Whispers began floating around this week that the FCC will begin allowing filmmakers to operate drones in on movie sets. This will be the second set of exceptions made by the FAA for commercial drone use, the first being a pair a permits leased to companies for use in remote areas of Alaska, and making this release the first allowed in populated areas.
Lifting the ban will bring many filmmakers back to the States, after having to go overseas to film scenes in countries which allow such use. Using drones allows filmmakers to film difficult scenes, like those which are too low for helicopters and too high for cranes. The drones will likely weigh less than 55 pounds, fly no more than 57 m.p.h., and no higher than 400 feet.
Surprisingly, the FAA is much more worried about private companies who operate drones professionally than they are with a bored private citizen who decides to try his hand at flying a 50 pound unmanned aircraft. Currently, the FAA allows private citizens to fly drones, without government permission, if they stay below 400 feet and remain 3 miles away from airports, but explicitly bars business or commercial use.
“Martha Stewart bragged that she uses her drone for spying on party guests”
This allows any Joe Schmoe, a case of beer deep into an afternoon, to bust out the ole’ drone and fly that heavy piece of hardware all over town. The private citizen may have needs that warrant the need of a drone. Perhaps, looking to see where your child is playing the neighborhood, or checking out the traffic before you leave for work? Recently, during an appearance on Late Night with Seth Meyers, Martha Stewart bragged that she uses her drone for spying on party guests. Granted, these private uses are likely uncommon, and on a small scale, but if you need a license to fish, shouldn’t you need one to buzz around residential neighborhoods?
Despite the lack of response from the FAA, other national agencies are becoming more restrictive when it comes to private drone use. In June 2014 the National Park Service banned “unmanned aircrafts”, colloquially “drones”, after an incident with a visitor flying over a crowd at Mt. Rushmore. This, however, did not seem to stop a Dutch man who flew a drone into a hot spring at Yellowstone National Park. The man plead guilty in federal court on Tuesday, and was ordered to pay $3,245 in fines and restitution.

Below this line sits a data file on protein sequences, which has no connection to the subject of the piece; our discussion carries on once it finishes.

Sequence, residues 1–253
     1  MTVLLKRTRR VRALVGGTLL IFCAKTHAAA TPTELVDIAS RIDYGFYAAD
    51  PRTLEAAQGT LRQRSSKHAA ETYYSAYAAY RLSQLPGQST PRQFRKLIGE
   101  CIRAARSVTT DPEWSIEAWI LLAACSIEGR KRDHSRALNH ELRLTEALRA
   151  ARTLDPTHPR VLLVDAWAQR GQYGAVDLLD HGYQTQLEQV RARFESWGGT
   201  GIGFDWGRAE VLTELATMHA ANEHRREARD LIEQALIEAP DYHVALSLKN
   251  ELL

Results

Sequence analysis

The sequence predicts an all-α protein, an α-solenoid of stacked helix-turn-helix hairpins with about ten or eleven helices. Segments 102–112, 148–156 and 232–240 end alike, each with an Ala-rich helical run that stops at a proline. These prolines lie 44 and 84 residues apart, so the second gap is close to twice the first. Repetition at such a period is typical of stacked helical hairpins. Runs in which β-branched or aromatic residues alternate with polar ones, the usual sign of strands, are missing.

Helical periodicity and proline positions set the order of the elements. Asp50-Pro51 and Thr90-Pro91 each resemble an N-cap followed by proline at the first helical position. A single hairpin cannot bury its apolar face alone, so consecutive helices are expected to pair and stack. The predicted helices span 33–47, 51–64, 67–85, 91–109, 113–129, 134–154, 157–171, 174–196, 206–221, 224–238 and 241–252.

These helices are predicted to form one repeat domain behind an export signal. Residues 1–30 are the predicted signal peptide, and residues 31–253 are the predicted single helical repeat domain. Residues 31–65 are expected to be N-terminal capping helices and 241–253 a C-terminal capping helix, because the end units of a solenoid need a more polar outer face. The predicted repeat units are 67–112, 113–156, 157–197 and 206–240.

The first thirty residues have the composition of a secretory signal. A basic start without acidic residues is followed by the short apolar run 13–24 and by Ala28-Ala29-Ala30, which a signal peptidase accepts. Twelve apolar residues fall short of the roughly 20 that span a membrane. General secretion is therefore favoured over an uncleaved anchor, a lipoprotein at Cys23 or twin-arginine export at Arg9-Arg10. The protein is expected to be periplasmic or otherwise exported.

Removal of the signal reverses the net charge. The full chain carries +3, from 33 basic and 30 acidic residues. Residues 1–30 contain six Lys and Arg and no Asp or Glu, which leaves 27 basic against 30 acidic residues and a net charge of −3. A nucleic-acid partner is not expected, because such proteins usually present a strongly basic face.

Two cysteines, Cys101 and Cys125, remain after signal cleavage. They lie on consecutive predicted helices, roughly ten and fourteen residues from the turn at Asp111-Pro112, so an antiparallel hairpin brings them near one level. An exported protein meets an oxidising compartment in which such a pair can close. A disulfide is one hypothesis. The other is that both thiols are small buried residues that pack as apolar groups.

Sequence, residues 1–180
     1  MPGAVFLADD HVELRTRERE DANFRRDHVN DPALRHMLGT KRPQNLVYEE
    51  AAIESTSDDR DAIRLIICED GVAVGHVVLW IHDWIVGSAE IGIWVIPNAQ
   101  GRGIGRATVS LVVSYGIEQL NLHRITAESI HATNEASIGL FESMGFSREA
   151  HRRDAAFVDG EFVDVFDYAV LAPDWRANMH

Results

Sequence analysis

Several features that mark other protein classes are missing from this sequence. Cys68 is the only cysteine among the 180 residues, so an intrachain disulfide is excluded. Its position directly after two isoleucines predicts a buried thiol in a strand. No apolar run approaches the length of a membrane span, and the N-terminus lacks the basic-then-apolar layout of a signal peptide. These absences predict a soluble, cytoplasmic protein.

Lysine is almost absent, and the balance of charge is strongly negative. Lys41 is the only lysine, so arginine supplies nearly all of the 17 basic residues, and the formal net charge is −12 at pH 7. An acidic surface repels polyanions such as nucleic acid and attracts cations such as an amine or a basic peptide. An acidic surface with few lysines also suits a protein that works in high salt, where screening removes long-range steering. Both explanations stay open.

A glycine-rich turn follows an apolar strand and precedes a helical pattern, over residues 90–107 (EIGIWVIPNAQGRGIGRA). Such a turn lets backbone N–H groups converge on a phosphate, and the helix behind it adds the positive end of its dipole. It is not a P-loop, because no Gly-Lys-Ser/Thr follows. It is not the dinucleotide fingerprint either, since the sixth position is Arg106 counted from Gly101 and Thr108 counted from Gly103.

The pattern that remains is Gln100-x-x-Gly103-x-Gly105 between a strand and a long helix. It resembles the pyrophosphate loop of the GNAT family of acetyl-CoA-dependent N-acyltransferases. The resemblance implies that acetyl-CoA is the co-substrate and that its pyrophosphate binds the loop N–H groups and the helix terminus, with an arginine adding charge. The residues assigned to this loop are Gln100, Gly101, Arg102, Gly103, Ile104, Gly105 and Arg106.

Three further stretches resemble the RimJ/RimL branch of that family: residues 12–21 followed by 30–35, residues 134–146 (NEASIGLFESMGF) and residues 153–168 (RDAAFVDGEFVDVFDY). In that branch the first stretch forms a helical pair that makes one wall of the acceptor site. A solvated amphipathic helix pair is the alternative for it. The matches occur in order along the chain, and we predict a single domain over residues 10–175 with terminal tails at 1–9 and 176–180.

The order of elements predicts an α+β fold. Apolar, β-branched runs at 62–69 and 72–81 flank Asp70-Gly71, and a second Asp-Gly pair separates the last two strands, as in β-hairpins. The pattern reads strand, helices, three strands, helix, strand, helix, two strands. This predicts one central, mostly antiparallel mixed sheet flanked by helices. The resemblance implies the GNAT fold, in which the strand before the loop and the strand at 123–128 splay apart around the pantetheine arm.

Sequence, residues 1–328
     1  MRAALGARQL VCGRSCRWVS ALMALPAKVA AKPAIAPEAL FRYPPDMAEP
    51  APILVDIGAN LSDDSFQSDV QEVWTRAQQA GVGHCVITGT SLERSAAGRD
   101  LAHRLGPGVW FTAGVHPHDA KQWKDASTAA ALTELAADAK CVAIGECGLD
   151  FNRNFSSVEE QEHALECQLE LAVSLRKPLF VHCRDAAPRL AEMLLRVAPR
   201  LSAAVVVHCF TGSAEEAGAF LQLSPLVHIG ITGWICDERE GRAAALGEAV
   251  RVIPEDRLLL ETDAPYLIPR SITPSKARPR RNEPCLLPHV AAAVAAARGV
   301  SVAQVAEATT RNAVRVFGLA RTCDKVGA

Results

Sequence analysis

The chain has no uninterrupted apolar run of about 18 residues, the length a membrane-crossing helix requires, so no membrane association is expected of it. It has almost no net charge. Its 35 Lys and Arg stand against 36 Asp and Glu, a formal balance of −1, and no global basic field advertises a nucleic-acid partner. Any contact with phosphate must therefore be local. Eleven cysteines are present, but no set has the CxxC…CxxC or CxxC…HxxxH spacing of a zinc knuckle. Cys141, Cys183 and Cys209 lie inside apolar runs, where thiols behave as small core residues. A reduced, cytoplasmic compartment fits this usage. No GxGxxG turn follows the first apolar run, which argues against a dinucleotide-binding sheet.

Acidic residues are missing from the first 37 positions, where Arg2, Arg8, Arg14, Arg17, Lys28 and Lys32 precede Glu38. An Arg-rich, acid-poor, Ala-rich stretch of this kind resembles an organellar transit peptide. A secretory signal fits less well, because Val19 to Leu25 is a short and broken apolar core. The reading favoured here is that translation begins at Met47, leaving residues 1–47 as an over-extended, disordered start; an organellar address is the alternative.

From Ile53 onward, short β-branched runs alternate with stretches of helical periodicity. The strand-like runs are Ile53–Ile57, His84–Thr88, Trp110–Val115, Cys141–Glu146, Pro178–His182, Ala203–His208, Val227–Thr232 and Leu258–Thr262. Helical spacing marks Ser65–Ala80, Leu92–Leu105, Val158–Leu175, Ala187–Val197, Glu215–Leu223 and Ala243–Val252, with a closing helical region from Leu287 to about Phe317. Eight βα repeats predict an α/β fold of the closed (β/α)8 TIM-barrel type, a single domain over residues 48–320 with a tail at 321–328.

“Our own state of North Carolina make[s] provisions for ‘newsgathering, newsworthy events, or events or places to which the general public is invited’ “
In the absence of federal regulation, many states have begun enacting their own rules regarding private use of drones. However, states seem to be more interested in privacy interests than safety. Criminal trespass laws in Tennessee were changed to include drones flying over private property below navigable airspace. The Texas Privacy Act allows drones to fly and capture images in certain circumstances, like of people on “public real property” or of real property within 25 miles of the border with the explicit consent of the owners of the property. Our own state of North Carolina prohibits photographing a person via drone with the purpose of disseminating the image without their consent. North Carolina’s law does, however, make provisions for “newsgathering, newsworthy events, or events or places to which the general public is invited.”
Whether you’re a person who’d like to see policy air on the side of privacy, or someone who just can’t for Amazon to start delivering packages within 20 minutes, one thing is certain. Both sides will have to make a few concessions to make this a safe, and predictable tool for our changing world.